We didn’t stay in Belfast, but we did land at Belfast Airport. There was no indication anything was more militant than anywhere in the US — in fact, it was a lot friendlier than the TSA (Transporation Security Administration) in the US usually is :)!
We had NO issues of feeling unsafe as we stopped in a town near Belfast on our way to points north. We stopped in a mall for some supplies, and I honestly didn’t even stop to think about the fact that we were near Belfast.
The people are friendly and treasure the Irish tradition of hospitality. We had no worries in the small towns at ALL. Even in Derry, a larger town, there were no issues – and this was just a few weeks ago.”
Respect Through Music and Action
Kerry Dexter, a frequent visitor to Northern Ireland and a writer at www.musicroad.blogspot.com, appropriately chose music in her reply.
The people of Northern Ireland are warm and welcoming, and as with the rest of the island, history is a living thing. The best piece of advice I can offer is respect. Before you go, listen to the song “There Were Roses” written by Tommy Sands from County Down and sung by Cara Dillon from County Derry… then go, have a great time, and be respectful.
In terms of respect, taking photographs of murals is fine, whatever neighborhood you are in. Taking pictures of people in these areas is often seen as intrusive. Laughing or joking about murals may also be seen as offensive. Taking photos of police stations and PSNI members (police officers) is also not wise as it may put them on edge.
It’s not necessary, or advisable, to share your opinions about “The Troubles” in Northern Ireland no matter how friendly your companions may be or how many pints you’ve drunk. Most people in Northern Ireland want to get on with their lives.
Yes, tensions may run higher during what’s known as Marching Season in July when the Orange Order host parades, but as mentioned before, most people in Northern Ireland just want to get beyond this.
Republican colors are green, white, and gold; Unionist are red, white, and blue. It can be seen as disrespectful to sport one side’s colors when you are in an area or a pub clearly marked with the colors of one side.
It’s important to remember there is a lot to explore in Northern Ireland, so be sure to take in these songs that celebrate its beauty: Hills of South Armagh sung by Briege Murphy and County Down sung by Muireann Nic Amhlaoibh with Dan.
It Would Be a Shame
Moya McAllister, a native New Yorker just returned from Northern Ireland.
I was there in May and had a lovely time both in Belfast & with family in County Down.
There are so many beautiful places to see in Northern Ireland, like the Giant’s Causeway, the rope bridge at Carrick-a-rede, music and dancing in Cushendall (where my parents met), and the Glens of Antrim — especially Glenariff, Queen of the Glens. It would be a shame to let the actions of a small few who won’t let go of the hate, or worse, who use the hate for their own financial ends, drive away much needed tourism. Their bad behavior reflects poorly on the very real, wonderful, warm, lovely people who live in Northern Ireland.
I’d Travel to Northern Ireland Any Day
Bernd Biege live in the Republic of Ireland and writes About.com‘s Ireland Travel section.
To be honest – I’d travel to Northern Ireland any day. Even watching the parades on July 12th is now big deal these days for visitors.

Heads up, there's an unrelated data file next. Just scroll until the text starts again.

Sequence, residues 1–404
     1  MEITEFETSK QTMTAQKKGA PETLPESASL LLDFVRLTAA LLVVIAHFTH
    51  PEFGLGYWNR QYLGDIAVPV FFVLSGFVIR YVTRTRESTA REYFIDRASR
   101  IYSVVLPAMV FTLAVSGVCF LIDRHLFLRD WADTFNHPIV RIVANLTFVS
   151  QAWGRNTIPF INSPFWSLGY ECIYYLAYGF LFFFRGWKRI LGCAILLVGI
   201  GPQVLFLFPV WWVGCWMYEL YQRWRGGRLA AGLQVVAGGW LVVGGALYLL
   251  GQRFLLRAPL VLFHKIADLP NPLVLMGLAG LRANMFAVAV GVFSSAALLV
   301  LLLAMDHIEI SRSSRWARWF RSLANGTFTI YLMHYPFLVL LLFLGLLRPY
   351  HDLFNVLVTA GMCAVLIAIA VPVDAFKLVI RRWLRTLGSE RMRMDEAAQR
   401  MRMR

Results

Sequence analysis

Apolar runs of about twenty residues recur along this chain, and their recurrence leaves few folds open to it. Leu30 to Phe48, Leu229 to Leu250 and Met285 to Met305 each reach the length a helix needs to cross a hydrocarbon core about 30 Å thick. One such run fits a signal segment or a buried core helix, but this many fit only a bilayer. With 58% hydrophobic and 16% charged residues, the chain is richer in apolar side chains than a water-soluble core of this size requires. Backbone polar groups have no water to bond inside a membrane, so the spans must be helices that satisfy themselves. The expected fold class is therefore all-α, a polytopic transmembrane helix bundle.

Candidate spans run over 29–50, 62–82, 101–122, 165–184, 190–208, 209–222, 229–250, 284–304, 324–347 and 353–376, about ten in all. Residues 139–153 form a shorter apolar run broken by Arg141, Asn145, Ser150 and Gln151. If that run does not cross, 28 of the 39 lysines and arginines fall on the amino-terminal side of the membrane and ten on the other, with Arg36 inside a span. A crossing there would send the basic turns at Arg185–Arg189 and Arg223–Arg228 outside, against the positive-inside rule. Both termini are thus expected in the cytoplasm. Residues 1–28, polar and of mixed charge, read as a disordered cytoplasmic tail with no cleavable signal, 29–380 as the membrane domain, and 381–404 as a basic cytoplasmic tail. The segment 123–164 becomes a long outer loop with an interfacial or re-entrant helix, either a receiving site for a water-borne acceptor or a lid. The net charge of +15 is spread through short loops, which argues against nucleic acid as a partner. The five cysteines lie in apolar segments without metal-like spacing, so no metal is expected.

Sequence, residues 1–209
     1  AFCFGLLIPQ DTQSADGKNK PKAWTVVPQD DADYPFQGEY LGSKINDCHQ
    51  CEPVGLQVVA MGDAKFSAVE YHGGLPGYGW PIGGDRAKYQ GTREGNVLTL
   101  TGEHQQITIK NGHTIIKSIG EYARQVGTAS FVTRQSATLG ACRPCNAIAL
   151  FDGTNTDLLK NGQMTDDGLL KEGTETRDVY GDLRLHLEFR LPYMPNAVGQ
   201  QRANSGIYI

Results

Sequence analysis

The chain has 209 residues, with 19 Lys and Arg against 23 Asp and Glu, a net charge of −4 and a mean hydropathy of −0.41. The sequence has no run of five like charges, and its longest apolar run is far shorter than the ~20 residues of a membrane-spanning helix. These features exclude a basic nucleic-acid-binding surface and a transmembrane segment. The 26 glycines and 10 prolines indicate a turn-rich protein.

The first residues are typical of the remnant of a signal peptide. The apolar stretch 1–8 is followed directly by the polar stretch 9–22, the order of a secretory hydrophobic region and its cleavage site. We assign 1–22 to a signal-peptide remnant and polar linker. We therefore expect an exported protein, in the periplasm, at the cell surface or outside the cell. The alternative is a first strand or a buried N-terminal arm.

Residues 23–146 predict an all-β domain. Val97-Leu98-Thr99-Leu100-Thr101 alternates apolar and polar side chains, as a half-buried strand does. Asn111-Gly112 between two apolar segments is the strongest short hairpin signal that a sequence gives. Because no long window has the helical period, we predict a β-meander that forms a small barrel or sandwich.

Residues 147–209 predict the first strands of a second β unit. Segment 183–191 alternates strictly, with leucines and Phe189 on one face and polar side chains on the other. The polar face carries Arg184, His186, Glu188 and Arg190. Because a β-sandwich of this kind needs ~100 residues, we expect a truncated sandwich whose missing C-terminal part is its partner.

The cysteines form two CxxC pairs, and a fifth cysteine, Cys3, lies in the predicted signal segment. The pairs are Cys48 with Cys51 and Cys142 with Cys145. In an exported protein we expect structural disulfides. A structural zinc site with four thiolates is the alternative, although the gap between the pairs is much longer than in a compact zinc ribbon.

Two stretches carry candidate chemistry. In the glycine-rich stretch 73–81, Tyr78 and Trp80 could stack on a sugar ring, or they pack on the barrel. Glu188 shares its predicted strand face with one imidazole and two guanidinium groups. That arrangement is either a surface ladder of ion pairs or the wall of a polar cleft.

Northern Ireland’s security situation is complicated – so much so that visitors might be scared away despite only a minimal risk. A risk much lower than the risk of being a traffic victim.
Trouble-Free for Nearly 20 Years
Joy Harron works with B&B owners in both the Republic and Northern Ireland through B&B Ireland.
Northern Ireland is a very safe destination, it is mainly rural and has been trouble-free for nearly 20 years. Belfast is very safe as well, it has seen a little disturbance in recent weeks but overall is a beautiful Victorian city and well worth a visit.
In Belfast tourists can take scheduled tours of the troubled spots of the past, they are very interesting for people who have an interest in Northern Ireland’s history. This site has further details – www.belfastcitytours.com.
As for safety, the same rules apply for Northern Ireland as do any other destination.
Marches are common around this time of year, but are well-policed by the Police Service of Northern Ireland. The Marches can be very interesting for tourists to see, they are part of Northern Ireland’s heritage.
It is All a Matter of Perception
Michele Erdvig is the author of Ireland Dream Trip and hosts an Ireland travel forum at www.IrelandYes.com from her home in the US.
Traveling in Northern Ireland or anywhere else is all about “perceived threats”. How do we look at the world around us and what threatens to kill us every day?
Should you avoid a trip to Northern Ireland because you might be blown up? Should you skip that tropical vacation because a tsunami might wash you away? Should you forget about a cruise because the ship might sink? It all depends on your comfort level with those scenarios.
Terrorists use the press to spread their terror. In turn the press inadvertently becomes their tool by concentrating on “newsworthy” events – most of which are negative. Good news is always eclipsed by bad news. The Belfast riots get the headlines on page one; US Open Champion Rory McIlroy’s homecoming to Northern Ireland is buried in the sports section. It is all a matter of perception.